The January 3, 2107 Uncork'd Entertainment DVD release of the 2016 drama "The Hollow" demonstrates the potential for good-quality independent films with broad appeal. It further proves that a compelling story and good acting does not require elaborate pyrotechnics, extremely psychotic behavior, or the Flavor of the Month as the star.
The following YouTube clip of the "Hollow" trailer does a good job demonstrating the style and the drama of the film.
The gritty stereotypical fun of "Hollow" begins with corrupt Sheriff's Deputy Ray Everett, played to a ignorant redneck T by writer/director Miles Doleac, getting a partially voluntary blow job by high-school girl Kami King as Everett sits in his patrol car while on duty. A local man approaching the car to buy drugs from Everett barely slows down the intercourse with King.
Everett further shows his mean streak in directing a couple of outsiders to a secluded spot when they approach him to ask about a quiet place. The young lovers soon getting shot is only the start of the problems for Everett. The girl is the daughter of a Congressman.
The high profile nature of the case brings a pair of FBI agents who are a bizarro version of Mulder and Scully of "The X Files" fame; the personal relationship between agents Vaughn Killinger and Sarah DeSoto has already taken a toll on the personal and professional lives of those feds and continues to be a "complication."
The other "central casting" characters include mostly upright local sheriff Beau McKinney, whom William Sadler infuses with the spirit of his portrayal of Sheriff Jim Valenti in the early 2000s scifi series "Roswell." Veteran character actor William Forsythe does equally well playing stock character small-town power broker Big John Dawson.
Writer/director Doleac distinguishes "Hollow" from being a USA network movie or a shoddy clone of a novel by Mississippi crime novelist Greg Iles by giving his characters substance and adding depth to the element of "everything is related" that pervades Southern Gothic works. An example is providing enough of the backstory of Everett to understand why he is the scum that he is and to generate sympathy for him.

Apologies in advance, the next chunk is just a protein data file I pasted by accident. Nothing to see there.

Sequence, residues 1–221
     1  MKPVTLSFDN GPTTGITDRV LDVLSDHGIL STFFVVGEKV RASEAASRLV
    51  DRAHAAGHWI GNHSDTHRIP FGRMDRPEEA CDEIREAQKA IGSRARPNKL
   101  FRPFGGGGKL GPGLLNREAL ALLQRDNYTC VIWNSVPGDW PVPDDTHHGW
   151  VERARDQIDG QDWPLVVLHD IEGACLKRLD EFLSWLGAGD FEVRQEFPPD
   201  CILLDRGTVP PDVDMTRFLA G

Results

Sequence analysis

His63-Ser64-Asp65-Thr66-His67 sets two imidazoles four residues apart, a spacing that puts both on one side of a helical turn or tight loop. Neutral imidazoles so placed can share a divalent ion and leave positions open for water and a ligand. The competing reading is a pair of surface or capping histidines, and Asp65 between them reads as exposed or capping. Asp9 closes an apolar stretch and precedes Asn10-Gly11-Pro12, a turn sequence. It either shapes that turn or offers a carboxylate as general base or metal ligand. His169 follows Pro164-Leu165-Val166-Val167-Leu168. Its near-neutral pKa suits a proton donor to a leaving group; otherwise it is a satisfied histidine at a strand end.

Additionally, the story moves at a good pace. Killinger and DeSoto have decent success uncovering information even though it does not always bring them closer to their goal of proving that the truth is out there, the various elements of stress take their toll on all involved, and several characters gain insight into themselves. Further, the significance of the title of the film is revealed relatively late in the film and plays homage to Iles.
Behind-the-scenes Coleac does just as well with a wrap up of the case that is very true to classic noir. Several principals (but not necessarily the chief administrator with his own dirty secret at the local high school) have a tense confrontation on a dark country road. The extent to which anyone is standing when any literal and/or figurative smoke clears provides a good payout.
The final scene is even better both in coming back to a development during the film and showing that redemption and happy endings are possible.
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